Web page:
On FURIOUS WOLF British, Estonian and Lithuanian JTACs are practising air-ground comms with Italian and German Eurofighter jets over Estonia.
Press Release, Tallinn, 04 March 2021: [auto-translated] Over the next two weeks, Allies, including Estonian, Lithuanian and British [TACP] air controllers, will practice air-ground communications with Italian and German Eurofighters flying over Northern Estonia as part of the FURIOUS WOLF exercise.
“The FURIOUS WOLF exercise is a great example of the unity and cooperation of different NATO forces,” said Colonel Paul Clayton, Commander of the Allied Battlegroup in Estonia. “The opportunity to conduct international exercises in every aspect, where in this case the Italian Eurofighters are controlled by the air controllers of the Baltic and Allied battle groups, shows not only the integration between the different units, but also the capabilities and readiness of NATO forces.”
According to Major Tanel Rattiste, Commander of the Air Force Air Support Squadron, such exercises between the Allies are of considerable importance. “FURIOUS WOLF created good conditions for practising cooperation between the air controllers of the Allied Battle Group in Estonia and the air controllers of the Estonian Air Force in order to create a common understanding of providing air support to manoeuvring units.”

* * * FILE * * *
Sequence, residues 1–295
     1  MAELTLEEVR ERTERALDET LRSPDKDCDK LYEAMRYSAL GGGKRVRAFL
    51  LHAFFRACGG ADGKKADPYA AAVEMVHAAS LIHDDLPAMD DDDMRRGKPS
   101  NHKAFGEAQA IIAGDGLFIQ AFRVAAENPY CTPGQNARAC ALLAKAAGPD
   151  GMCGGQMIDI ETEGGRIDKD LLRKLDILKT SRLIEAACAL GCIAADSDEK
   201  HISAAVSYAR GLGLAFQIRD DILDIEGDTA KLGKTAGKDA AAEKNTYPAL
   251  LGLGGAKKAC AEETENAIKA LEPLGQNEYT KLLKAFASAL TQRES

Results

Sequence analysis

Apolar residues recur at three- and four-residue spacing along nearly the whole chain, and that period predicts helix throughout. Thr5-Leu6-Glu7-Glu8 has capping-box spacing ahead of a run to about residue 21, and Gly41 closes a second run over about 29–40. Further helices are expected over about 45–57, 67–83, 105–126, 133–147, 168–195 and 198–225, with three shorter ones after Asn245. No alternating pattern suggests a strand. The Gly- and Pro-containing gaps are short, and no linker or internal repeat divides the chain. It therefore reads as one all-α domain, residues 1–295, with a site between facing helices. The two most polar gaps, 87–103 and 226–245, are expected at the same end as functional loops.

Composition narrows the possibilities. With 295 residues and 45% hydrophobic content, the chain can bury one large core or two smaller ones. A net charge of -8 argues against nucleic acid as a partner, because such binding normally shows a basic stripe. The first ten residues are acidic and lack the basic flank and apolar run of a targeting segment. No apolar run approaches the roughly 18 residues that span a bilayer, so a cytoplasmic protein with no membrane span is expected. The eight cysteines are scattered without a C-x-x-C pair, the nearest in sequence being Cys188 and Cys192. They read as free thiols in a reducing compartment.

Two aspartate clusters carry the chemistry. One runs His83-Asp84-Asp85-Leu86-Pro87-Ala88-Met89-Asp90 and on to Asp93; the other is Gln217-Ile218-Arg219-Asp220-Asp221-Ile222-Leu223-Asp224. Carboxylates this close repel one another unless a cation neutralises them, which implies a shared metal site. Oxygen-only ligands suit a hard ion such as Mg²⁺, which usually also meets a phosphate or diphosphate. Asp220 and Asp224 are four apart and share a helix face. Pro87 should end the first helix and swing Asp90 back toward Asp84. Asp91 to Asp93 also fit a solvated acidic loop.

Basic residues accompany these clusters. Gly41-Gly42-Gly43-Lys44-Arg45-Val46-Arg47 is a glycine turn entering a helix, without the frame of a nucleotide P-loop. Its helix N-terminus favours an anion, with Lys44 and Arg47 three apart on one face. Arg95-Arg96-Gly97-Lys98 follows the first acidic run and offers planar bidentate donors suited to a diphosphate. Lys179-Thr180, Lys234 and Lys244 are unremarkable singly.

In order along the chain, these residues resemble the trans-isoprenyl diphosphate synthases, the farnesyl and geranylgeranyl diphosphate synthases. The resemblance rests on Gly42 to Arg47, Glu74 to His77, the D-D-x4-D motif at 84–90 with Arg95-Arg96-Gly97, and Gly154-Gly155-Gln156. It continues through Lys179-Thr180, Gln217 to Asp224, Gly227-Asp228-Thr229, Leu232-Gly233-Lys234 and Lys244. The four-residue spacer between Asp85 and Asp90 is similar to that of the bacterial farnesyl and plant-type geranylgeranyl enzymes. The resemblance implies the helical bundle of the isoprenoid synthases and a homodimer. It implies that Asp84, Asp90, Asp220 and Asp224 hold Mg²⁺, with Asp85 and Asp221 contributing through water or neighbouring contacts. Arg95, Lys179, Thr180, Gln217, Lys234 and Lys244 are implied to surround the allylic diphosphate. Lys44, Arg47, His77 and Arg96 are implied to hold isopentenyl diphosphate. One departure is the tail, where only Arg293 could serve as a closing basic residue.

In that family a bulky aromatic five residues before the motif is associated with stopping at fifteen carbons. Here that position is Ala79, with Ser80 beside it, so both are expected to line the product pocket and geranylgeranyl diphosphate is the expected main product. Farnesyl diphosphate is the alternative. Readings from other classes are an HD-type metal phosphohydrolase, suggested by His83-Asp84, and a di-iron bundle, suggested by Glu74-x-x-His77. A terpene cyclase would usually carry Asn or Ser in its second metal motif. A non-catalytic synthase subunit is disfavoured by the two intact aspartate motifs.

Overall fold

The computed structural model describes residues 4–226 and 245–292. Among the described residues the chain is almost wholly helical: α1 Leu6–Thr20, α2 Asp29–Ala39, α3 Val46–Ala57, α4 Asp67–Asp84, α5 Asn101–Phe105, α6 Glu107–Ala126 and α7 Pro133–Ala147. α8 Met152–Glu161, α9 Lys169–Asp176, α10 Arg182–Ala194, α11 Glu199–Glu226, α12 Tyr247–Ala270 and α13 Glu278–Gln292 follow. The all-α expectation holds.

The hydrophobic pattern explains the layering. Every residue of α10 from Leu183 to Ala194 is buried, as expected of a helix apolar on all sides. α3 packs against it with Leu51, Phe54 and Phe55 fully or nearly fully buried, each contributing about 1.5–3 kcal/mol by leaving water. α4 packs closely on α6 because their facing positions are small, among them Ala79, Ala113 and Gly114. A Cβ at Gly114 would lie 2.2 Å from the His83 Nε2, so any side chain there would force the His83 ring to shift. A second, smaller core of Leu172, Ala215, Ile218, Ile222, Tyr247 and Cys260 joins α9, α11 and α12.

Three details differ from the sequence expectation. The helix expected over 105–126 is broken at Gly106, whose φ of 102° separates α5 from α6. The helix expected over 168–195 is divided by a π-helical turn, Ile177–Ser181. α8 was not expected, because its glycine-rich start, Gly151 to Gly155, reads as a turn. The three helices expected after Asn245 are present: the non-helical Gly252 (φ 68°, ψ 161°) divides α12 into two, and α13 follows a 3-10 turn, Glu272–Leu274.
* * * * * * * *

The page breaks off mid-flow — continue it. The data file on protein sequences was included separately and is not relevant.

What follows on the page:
The FURIOUS WOLF exercise takes place in the Baltics twice a year, with the aim of strengthening co-operation and enhancing integration between the various elements of NATO forces in Estonia, Latvia and Lithuania. This year, the FURIOUS WOLF exercise started in Lithuania, where the participants gathered for the first half of the exercise to cooperate with the Italian Eurofighter Typhoon pilots at Šiauliai air base. In the second half of the exercise, air controllers will work in the Tapa military town and around Rakvere fortress.
Today, air controllers at Rakvere Fortress cooperated with Italian air security destroyers from Šiauliai air base in Lithuania. Next week, the German air security destroyers Eurofighter Typhoon, which are located at Ämari air base within the framework of the Baltic Air Policing Mission, will take part in the exercise.
A Joint Terminal Attack Controller (JTAC) is a certified and qualified person who, from a forward position, directs the attack of combat aircraft against hostile targets in the immediate vicinity of a manoeuvring unit.
[images © Estonian Defence Forces: Sigrid Paula Pukk]